The Three Stooges Slaptastic Special #1 Review: Doesn't Quite Deliver on the Laughs

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The Three Stooges return with this Slaptastic Special from American Mythology Productions. The comic comes in three parts. The first finds the Stooges going to a science fair and trying out a virtual reality machine. The second has them working a window-washing job on a skyscraper. The third is a reprint of an old strip with Moe, Larry, and Shemp looking for a nautical vacation and finding it on a gambling boat.

Three Stooges Slaptastic Special cover by Brendon and Brian Fraim
Three Stooges Slaptastic Special cover by Brendon and Brian Fraim

Watching the Three Stooges with my dad was a big part of my childhood, and it's something I still enjoy whenever the opportunity arises again. With that in mind, checking out the Slaptastic Special was something I wanted to do this week.

This comic doesn't impress, but it's not outright awful. The first entry is by far the weakest. It's called 'Ready Player Stooge', and I really didn't need a Three Stooges story making pop culture references to things like Matrix, Tron, and, of course, Ready Player One. The jokes fall flat, and the references are trite.

'Forty Story Stooge' is the second and strongest. Some of the jokes land well, and the premise is fairly true to an old Stooges serial. The slapstick isn't well realized, possibly due to the art aiming for realism over function. The ending aims for touching, but it's far from earned by the story.

The third entry, the reprint called 'Nautical Nitwits', is the funniest, but it's from 1954 and textual brevity wasn't really a thing yet in comics. It also runs longer than it should, and the story doesn't have flow. However, it still made me laugh more than the others.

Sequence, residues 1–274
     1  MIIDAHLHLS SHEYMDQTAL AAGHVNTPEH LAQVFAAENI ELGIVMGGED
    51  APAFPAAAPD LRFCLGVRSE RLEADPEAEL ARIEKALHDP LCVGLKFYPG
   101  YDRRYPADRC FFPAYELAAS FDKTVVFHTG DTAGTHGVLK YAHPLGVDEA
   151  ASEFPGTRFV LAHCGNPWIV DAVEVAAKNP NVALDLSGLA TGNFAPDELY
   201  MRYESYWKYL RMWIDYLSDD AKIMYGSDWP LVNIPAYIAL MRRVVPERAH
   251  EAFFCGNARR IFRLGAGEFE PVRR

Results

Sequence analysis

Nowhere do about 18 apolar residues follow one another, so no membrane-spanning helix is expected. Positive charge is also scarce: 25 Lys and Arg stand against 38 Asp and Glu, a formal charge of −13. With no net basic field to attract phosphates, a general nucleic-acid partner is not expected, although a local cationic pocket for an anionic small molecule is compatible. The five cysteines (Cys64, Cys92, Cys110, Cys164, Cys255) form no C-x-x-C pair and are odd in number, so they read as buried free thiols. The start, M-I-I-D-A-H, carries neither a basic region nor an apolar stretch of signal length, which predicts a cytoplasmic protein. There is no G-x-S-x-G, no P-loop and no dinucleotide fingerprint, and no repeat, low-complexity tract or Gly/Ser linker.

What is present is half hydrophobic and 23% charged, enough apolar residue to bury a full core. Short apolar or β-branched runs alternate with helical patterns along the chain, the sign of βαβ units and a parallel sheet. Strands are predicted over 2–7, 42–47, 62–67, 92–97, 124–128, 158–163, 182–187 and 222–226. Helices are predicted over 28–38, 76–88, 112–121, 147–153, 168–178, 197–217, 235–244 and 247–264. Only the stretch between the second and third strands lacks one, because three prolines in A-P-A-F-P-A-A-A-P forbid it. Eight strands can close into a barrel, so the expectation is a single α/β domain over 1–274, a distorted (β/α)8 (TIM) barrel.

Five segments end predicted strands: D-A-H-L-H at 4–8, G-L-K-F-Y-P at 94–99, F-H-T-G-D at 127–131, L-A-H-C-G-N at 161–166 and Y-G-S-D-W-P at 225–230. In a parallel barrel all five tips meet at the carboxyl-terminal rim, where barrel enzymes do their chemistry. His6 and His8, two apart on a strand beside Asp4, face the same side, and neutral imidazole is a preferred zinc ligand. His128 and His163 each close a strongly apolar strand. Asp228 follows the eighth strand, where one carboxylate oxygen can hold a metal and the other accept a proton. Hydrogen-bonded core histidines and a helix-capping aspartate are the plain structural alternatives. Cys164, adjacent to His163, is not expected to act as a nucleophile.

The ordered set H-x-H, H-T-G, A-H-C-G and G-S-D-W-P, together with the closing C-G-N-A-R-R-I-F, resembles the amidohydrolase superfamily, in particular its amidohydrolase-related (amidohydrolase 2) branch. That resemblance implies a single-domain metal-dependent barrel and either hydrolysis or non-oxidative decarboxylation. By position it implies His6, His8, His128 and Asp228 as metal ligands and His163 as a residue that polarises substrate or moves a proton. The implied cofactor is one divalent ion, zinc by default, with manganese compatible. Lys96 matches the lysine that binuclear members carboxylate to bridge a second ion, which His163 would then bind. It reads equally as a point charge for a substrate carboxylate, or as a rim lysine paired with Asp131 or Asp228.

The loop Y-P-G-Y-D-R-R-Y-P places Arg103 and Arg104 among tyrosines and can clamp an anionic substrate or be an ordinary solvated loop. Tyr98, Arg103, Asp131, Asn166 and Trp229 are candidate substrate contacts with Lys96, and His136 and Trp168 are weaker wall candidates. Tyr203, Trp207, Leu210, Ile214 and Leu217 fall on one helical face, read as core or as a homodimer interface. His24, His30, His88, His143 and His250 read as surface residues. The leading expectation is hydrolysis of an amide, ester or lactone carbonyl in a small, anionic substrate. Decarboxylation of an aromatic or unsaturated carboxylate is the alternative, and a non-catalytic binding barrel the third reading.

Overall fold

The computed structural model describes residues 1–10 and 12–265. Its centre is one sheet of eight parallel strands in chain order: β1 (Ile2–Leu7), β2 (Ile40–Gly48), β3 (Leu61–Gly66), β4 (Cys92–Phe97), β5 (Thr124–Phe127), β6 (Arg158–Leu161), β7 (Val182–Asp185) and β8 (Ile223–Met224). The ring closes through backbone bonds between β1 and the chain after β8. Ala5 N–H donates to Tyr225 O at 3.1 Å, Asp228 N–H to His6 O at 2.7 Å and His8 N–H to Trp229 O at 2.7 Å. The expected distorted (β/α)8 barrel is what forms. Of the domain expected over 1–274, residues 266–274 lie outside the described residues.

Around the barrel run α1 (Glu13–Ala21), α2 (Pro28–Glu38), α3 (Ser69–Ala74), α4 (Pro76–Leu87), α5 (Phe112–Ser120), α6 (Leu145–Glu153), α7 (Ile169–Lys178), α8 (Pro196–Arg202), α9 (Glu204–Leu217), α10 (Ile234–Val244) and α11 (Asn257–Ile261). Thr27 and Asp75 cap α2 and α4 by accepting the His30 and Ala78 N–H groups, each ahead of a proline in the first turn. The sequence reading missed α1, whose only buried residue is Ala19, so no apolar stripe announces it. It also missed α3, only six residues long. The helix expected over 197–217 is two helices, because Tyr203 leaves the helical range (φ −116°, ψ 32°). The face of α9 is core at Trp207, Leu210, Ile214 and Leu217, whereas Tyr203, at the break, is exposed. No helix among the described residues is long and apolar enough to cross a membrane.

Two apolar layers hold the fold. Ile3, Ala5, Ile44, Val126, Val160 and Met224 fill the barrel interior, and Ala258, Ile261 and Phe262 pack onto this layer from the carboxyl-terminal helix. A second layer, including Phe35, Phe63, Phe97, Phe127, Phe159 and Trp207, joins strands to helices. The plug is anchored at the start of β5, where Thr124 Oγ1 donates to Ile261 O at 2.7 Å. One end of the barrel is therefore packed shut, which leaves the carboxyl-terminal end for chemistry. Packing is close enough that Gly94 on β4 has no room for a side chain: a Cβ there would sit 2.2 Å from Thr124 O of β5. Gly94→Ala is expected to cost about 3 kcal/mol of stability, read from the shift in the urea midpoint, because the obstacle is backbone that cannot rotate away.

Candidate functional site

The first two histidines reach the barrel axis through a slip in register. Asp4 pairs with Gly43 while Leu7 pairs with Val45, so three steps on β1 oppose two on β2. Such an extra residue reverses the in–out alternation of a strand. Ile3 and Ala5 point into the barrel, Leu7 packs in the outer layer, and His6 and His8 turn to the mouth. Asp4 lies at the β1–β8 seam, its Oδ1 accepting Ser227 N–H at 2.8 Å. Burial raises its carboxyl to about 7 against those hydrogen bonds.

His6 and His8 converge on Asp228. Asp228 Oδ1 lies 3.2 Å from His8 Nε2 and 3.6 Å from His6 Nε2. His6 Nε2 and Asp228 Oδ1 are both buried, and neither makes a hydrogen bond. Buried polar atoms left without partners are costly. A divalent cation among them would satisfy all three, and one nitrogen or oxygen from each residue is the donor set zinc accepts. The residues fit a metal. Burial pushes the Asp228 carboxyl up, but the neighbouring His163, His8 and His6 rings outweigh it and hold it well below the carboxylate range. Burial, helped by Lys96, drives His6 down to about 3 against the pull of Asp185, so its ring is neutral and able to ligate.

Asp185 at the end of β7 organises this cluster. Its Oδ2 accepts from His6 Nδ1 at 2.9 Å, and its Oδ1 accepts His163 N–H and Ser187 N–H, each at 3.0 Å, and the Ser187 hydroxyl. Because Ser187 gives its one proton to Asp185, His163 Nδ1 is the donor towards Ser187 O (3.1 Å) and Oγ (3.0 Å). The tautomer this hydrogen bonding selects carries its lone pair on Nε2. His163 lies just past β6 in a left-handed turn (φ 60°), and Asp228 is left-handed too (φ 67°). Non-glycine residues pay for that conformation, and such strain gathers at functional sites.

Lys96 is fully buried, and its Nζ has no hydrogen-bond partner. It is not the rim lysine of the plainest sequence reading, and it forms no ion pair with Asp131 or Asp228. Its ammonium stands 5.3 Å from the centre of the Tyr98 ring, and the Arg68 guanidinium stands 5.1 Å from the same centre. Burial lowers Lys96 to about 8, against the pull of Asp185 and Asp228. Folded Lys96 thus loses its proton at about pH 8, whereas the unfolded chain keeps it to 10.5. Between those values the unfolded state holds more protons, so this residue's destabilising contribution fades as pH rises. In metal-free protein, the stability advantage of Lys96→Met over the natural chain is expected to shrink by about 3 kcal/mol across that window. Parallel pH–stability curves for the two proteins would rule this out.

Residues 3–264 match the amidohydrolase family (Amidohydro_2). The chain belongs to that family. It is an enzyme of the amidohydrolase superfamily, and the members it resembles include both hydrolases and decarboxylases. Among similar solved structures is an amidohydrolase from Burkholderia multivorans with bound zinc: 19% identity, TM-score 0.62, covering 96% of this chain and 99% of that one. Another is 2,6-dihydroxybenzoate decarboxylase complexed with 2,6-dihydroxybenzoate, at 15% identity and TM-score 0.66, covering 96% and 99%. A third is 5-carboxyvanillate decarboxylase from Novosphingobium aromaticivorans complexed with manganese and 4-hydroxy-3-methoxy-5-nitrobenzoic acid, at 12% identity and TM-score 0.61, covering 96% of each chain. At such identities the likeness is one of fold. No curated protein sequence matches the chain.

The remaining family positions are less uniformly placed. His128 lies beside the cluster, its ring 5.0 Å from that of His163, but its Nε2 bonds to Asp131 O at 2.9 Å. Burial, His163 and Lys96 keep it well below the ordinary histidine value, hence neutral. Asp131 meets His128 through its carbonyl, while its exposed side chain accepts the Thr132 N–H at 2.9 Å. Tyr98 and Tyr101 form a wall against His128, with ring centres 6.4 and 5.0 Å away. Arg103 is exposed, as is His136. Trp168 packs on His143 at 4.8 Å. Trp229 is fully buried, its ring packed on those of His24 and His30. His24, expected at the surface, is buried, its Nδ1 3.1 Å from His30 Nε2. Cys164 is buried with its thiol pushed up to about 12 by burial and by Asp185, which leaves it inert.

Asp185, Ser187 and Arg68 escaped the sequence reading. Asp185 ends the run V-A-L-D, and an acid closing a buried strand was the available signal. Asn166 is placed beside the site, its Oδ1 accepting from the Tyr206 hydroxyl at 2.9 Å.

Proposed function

I tipped my hand on this already, but Brendon and Brian Fraim's artwork looks good, but it doesn't lend itself to the slapstick of the Stooges. The old shorts were live action, but you had cartoonish sound effects to add to the presentation. Without the cartoon audio, it's up to exclusively the visuals to deliver on the slapstick fun. You still have the ability to write in "bonk," but it's not the same thing has hearing "bonk" while doughy man with a buzz cut gets slammed with a steel girder.

That's another oddity of the comic. The slapstick is oddly restrained. The violence is carried out more with bare hands instead of over-the-top weapons.

Going back to the art, Norman Maurer's art in 'Nautical Nitwits' is far more cartoonish, and it works better for the form. The slapstick gets a bit more creative too, even if it still comes off as too tame for its own good.

The Three Stooges Slaptastic Special #1 is an underwhelming send-up of the comedic trio. Pop culture references and restrained physical comedy aren't the hallmarks of a good Stooges story, and even the reprint is wordy beyond reason. Unfortunately, I can't recommend this one. Give it a pass.

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About Joshua Davison

Josh is a longtime super hero comic fan and an aspiring comic book and fiction writer himself. He also trades in videogames, Star Wars, and Magic: The Gathering, and he is also a budding film buff. He's always been a huge nerd, and he hopes to contribute something of worth to the wider geek culture conversation. He is also happy to announce that he is the new Reviews Editor for Bleeding Cool. Follow on Twitter @joshdavisonbolt.
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